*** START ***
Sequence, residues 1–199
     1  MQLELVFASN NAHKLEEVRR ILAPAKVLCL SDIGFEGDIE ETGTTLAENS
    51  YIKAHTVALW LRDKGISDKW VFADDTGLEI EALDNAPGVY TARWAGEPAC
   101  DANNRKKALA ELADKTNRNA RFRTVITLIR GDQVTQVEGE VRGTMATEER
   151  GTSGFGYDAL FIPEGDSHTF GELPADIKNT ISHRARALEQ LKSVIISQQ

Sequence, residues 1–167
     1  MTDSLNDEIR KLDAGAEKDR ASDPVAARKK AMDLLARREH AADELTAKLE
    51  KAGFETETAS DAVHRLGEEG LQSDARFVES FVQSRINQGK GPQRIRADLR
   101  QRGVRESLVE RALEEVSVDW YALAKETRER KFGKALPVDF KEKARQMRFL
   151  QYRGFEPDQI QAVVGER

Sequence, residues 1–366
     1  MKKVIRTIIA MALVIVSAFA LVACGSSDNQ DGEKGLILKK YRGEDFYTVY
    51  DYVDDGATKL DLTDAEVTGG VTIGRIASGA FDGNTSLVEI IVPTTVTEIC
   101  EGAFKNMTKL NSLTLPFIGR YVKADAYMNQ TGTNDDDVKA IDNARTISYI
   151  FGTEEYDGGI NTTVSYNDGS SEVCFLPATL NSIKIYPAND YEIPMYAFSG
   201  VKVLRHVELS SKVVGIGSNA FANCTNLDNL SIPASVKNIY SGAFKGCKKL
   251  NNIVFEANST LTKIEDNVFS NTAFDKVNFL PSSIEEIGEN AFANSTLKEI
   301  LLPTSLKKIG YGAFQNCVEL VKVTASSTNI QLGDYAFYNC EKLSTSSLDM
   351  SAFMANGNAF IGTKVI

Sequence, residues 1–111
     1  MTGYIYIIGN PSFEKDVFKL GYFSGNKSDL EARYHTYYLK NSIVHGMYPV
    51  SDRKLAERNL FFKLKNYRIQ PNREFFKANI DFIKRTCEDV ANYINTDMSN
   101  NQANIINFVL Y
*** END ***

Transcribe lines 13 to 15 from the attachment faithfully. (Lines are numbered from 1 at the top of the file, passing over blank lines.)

    51  DYVDDGATKL DLTDAEVTGG VTIGRIASGA FDGNTSLVEI IVPTTVTEIC
   101  EGAFKNMTKL NSLTLPFIGR YVKADAYMNQ TGTNDDDVKA IDNARTISYI
   151  FGTEEYDGGI NTTVSYNDGS SEVCFLPATL NSIKIYPAND YEIPMYAFSG